Extremely rare 'green flash' coming from Venus captured by a lucky photographer

A very lucky photographer has captured the extremely rare phenomenon of green light flashing from one of our closest planetary neighbors.

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A very lucky photographer has captured a rare phenomenon that occurs when light passes through Earth's atmosphere.

A green flash from Venus captured Peter Rosén

The green flash was captured by photographer Peter Rosén who pointed his camera at one of Earth's closest neighbors - Venus. The footage was snapped in the early hours on January 8 as Rosén was watching Venus rise above the horizon. So, what is this green flash, as shown above? Firstly, visible light contains many different wavelengths of colored light, and when this light shines through Earth's atmosphere, these individual wavelengths begin to be refracted through the molecules in Earth's atmosphere.

The green flash is light bouncing off Venus and making its way through Earth's atmosphere, specifically Earth's low atmosphere, where it travels through more of the atmosphere and eventually reaches the observer. As light passes through Earth's atmosphere, a prism effect takes place, as the light is split into RGB colors, which can also be affected by temperature. When this event is taking place, it's possible that only green wavelengths of light make it to the observer, with all other wavelengths either being scattered or absorbed by Earth's molecules.

"On Monday morning I woke up early to get a beautiful view of Venus and the Moon rising over Stockholm's skyline," says Rosén. "Because of the extreme cold that still persists over southern Sweden, I also got an unexpected bonus in the form of a rare green flash on Venus."

However, in the above footage, if you look closely, you will be able to see yellow, orange, red, and even blue. Another simple example of this is how Earth's atmosphere scatters blue wavelengths of light more than any other color, resulting in the sky appearing blue.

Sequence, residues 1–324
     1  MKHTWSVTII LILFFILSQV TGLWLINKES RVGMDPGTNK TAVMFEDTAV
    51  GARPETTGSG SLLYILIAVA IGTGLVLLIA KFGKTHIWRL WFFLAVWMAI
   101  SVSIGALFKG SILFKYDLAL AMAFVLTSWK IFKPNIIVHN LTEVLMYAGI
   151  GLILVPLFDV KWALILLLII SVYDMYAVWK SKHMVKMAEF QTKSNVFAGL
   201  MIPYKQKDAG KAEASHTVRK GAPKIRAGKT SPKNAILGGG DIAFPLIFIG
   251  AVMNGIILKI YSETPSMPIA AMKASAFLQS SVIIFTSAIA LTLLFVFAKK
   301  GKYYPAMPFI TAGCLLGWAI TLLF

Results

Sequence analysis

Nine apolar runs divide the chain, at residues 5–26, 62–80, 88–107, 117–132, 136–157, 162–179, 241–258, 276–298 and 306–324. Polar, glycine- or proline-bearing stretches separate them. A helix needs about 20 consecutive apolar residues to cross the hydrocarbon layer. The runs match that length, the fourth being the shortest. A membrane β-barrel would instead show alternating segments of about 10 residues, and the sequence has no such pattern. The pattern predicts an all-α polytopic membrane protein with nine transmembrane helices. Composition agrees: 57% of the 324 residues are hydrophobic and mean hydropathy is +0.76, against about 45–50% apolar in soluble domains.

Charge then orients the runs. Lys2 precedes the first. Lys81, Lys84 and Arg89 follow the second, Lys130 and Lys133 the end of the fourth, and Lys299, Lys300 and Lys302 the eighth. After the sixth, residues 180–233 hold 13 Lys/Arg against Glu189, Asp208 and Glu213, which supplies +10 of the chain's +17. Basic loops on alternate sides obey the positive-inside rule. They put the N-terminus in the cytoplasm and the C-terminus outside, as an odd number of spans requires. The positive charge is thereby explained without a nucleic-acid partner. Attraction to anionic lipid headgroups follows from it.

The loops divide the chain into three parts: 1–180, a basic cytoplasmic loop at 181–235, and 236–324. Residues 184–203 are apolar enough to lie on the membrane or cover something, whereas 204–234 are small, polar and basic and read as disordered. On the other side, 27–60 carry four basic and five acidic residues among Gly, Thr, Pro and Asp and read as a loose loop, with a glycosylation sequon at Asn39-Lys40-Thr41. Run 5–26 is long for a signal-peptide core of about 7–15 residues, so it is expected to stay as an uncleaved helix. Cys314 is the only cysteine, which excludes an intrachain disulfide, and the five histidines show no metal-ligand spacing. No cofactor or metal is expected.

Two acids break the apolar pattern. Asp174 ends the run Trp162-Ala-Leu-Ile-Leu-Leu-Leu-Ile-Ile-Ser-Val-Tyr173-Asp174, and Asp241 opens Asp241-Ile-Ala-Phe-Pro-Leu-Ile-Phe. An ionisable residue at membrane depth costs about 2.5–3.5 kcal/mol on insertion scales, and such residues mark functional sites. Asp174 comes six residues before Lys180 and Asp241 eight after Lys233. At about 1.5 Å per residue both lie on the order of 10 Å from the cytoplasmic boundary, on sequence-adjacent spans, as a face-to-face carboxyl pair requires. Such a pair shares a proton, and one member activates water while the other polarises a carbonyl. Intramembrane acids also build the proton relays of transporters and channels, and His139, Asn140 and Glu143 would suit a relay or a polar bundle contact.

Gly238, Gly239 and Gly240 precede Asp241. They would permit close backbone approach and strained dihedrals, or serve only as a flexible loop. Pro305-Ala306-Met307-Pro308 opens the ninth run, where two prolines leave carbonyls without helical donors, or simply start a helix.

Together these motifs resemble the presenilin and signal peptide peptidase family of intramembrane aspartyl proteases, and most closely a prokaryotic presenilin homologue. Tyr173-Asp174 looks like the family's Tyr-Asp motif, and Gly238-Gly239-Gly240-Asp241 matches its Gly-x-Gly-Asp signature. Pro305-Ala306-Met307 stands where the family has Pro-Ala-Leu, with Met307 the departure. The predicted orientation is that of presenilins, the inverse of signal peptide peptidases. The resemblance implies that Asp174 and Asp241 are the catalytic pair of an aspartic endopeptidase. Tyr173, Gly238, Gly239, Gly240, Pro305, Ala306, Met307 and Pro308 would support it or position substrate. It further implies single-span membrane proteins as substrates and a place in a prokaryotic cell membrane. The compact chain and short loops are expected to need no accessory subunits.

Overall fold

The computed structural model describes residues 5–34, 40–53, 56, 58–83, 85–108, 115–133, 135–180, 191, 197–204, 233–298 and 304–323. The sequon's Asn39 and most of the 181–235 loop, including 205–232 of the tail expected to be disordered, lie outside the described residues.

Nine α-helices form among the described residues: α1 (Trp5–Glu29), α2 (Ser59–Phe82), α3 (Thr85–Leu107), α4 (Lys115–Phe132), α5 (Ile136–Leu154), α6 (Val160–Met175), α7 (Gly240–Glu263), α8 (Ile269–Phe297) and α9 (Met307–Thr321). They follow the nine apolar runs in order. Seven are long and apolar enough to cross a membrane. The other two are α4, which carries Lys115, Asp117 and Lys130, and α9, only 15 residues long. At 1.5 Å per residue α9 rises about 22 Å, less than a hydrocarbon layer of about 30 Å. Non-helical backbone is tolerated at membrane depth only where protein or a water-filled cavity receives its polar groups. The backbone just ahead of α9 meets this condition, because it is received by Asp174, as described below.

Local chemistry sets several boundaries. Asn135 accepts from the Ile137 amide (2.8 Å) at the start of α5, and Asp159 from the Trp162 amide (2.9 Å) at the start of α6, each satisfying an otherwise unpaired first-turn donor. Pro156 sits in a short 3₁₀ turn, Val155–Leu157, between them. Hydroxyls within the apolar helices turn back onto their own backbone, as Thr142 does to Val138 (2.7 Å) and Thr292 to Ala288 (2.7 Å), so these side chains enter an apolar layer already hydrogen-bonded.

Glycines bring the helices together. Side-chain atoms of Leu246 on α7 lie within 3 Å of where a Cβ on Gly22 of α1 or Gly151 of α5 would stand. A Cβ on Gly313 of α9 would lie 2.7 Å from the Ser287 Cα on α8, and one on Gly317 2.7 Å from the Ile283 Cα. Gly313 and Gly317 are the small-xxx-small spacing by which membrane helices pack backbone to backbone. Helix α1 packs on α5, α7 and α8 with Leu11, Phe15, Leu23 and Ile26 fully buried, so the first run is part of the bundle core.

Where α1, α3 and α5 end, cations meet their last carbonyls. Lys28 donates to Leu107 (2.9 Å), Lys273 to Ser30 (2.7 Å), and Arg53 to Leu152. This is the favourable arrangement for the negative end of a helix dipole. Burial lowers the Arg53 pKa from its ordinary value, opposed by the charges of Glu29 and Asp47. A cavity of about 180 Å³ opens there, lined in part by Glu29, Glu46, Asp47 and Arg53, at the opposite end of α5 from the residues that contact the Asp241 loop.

Extremely rare 'green flash' coming from Venus captured by a lucky photographer 151515

This isn't the first time observers have spotted a green flash on Venus, and the phenomenon is more commonly seen when looking at the Sun, particularly during a sunset or a sunrise above an ocean horizon. There have even been some instances where individuals have seen ice crystals refract the light even more, creating rainbow-colored clouds or halos of light around the Sun or moon.

This effect isn't exclusive to astronomical objects reflecting light through Earth's atmosphere, as rainbow rings have been seen around the Sun during an intense pollen swarm. It was only in June 2023 that a photographer in Finland captured an intense pollen swarm, creating an incredible rainbow around the Sun. If you are interested in checking out that story or would like to see the multiple images captured during the event, visit this link here.

A pollen corona in Turku, Finland

A pollen corona in Turku, Finland

I suppose that was the scenic route of explaining that light from Venus passed through Earth's atmosphere, and the only wavelengths of light that made it through our planet's atmosphere were the ones seen in the above gif.

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Jak joined the TweakTown team in 2017 and has since reviewed 100s of new tech products and kept us informed daily on the latest science, space, and artificial intelligence news. Jak's love for science, space, and technology, and, more specifically, PC gaming, began at 10 years old. It was the day his dad showed him how to play Age of Empires on an old Compaq PC. Ever since that day, Jak fell in love with games and the progression of the technology industry in all its forms. Instead of typical FPS, Jak holds a very special spot in his heart for RTS games.

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